Just updated the Enforcement Action Database and the signs are pretty clear: unlicensed broadcasting has slipped down the priority-list for FCC field agents. Actions against AM/FM and shortwave pirate stations last year were at their lowest level since 2005, the last time fewer than 200 were logged.
FCC Commissioner Ajit Pai recently spoke at the the Missouri Association of Broadcasters’ annual convention, where he repeated his call for the FCC to undertake an "AM Revitalization Initiative." Telling the assembled broadcasters that "you’ve got a friend in me," he again listed off the possible policy options to help the beleaguered band, one of which includes its complete digitalization.
If Pai is truly a friend of broadcasters and the public interest, and seriously considers digitalization a viable option for AM, he should open the inquiry to alternatives to HD Radio, such as Digital Radio Mondiale (DRM).
Shortwave radio enthusiasts gathered in Plymouth Meeting, Pennsylvania earlier this month for the 26th annual Shortwave Listening Fest. The Fest is the longest-running conference of its kind in the United States, and several pirates actually broadcast from the event; the granddaddy of them all is the Voice of Pancho Villa, which has closed out the Fest every year with a special midnight broadcast.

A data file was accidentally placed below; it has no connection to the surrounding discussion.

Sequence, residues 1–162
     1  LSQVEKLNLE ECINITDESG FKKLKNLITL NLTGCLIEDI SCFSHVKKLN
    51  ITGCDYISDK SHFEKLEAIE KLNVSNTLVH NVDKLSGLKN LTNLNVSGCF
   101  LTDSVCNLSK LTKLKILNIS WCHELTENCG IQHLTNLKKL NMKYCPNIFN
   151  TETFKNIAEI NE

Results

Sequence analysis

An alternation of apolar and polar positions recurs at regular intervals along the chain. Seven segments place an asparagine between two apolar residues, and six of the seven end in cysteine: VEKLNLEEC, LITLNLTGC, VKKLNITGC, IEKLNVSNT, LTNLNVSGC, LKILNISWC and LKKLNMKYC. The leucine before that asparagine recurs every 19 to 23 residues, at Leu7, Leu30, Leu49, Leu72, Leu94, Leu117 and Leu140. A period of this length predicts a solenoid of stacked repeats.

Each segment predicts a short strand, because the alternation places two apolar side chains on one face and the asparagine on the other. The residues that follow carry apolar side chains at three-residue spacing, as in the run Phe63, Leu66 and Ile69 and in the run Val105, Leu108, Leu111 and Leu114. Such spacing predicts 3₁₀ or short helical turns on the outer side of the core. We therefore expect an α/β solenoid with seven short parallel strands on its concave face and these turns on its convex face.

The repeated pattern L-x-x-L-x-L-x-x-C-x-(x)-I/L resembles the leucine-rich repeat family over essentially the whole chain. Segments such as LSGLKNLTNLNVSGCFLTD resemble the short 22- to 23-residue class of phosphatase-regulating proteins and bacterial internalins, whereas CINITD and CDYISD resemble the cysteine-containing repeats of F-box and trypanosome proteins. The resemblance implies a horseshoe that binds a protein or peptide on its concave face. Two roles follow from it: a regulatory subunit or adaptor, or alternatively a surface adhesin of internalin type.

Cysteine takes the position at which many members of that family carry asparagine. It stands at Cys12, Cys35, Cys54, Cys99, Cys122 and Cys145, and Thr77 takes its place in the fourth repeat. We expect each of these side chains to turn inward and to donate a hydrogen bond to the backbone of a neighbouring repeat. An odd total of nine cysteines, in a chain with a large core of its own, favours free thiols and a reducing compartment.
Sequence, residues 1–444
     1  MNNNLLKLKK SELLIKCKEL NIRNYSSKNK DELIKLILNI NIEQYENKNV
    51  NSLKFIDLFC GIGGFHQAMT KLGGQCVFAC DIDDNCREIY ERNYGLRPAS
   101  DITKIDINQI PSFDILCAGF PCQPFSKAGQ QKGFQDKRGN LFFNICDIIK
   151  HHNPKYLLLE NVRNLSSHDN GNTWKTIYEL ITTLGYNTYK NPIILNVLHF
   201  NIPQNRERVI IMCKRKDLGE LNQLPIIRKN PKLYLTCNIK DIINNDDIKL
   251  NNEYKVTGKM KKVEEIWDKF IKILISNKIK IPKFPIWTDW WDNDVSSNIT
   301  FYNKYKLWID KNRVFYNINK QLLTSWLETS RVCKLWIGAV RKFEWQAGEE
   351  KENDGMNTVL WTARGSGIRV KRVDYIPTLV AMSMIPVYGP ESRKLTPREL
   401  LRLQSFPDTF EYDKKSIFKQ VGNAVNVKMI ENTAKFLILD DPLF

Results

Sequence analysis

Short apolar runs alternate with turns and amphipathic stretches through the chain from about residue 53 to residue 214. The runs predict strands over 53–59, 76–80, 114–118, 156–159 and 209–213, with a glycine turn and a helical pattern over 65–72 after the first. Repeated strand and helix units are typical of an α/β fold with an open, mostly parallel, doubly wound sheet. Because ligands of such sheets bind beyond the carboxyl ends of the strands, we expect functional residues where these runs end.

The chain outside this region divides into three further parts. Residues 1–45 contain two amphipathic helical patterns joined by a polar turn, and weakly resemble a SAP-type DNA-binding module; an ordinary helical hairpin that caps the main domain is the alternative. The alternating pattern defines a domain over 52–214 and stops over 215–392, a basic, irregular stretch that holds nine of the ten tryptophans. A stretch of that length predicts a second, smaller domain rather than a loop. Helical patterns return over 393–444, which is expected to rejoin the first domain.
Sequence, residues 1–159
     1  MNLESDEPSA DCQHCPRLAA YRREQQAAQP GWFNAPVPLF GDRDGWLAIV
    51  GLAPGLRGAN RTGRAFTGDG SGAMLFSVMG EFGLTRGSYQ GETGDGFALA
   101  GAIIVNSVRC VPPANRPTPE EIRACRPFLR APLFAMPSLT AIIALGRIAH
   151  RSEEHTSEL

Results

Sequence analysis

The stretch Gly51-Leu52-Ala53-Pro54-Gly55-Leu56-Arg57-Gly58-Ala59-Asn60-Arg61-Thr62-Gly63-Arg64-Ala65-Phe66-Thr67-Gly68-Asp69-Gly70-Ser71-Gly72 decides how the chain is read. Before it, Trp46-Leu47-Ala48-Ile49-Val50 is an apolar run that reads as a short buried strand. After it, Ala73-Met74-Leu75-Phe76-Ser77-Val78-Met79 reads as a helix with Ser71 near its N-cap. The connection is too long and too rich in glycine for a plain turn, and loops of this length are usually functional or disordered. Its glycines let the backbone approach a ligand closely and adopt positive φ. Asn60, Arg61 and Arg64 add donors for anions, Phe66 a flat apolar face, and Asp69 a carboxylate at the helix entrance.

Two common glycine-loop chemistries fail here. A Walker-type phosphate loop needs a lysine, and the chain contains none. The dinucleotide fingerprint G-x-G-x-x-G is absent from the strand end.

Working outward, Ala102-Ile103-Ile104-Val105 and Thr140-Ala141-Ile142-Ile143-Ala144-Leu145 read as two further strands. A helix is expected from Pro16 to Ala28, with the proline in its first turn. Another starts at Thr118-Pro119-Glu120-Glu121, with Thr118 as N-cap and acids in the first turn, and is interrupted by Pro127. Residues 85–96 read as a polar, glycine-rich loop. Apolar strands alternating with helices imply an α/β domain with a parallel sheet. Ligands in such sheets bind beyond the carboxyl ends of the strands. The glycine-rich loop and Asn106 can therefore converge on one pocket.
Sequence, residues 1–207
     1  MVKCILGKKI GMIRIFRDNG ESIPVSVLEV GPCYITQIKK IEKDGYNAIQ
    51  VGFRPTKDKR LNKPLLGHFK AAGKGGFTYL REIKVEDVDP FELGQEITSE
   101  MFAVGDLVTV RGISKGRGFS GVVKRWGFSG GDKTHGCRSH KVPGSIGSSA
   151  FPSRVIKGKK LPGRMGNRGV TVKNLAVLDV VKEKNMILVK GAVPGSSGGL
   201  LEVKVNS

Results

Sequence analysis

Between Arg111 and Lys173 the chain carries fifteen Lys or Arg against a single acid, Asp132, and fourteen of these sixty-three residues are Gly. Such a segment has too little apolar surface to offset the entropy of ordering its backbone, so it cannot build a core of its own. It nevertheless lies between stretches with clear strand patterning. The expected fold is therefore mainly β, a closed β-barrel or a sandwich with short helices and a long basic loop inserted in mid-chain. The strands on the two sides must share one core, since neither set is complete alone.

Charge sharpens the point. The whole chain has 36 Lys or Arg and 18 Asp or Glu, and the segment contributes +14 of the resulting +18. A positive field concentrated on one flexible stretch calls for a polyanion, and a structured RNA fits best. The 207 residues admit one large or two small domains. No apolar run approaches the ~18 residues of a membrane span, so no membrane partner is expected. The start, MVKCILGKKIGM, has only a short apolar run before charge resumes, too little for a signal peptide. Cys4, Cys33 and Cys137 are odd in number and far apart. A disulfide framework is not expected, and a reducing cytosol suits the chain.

Each Fest also features a pirate radio forum, where shortwave scenesters provide an overview of the state of the band. This year’s forum was moderated by George Zeller, a long-time pirate radio enthusiast who’s written several columns on the subject for a variety of radio publications.
The Voice of America is set to launch a new communication service on shortwave radio with interesting implications for information flow in crisis situations or under repressive regimes.
Called Radiogram, the service uses digital encoding to transmit text and images via analog shortwave broadcasts. The transmissions themselves sound much like old dial-up modems (at root the technologies are identical, in that both involve the conversion of data to audio), but when decoded on an equipped receiver or computer the text and images appear.
My pal Paul Riismandel over at Radio Survivor recently wrote about a new pirate radio-based mockumentary that’s airing on the BBC. People Just Do Nothing profiles the principals behind “Kurupt FM,” a fictitious Garage-format pirate station in the London area.
People Just Do Nothing found its roots in (and lampoons) another pirate radio documentary, Tower Block Dreams. Aired in 2004 on BBC Three, this flick profiled the booming pirate scene in the London area, with special attention on how pirate radio stations helped disenfranchised youth do something more creative with their lives than “thieving and grass dealing.”
People Just Do Nothing‘s main characters, MC Sniper and DJ Beats, are spot-on caricatures of the folks found in Tower Block Dreams. Relatively accurate with regard to the conditions under which pirate radio stations operate, the funny comes when you realize that Sniper and Beats have no real idea what the f*ck they’re doing. It’s a send-up that really drives home the differences between the U.K. and U.S. pirate scenes.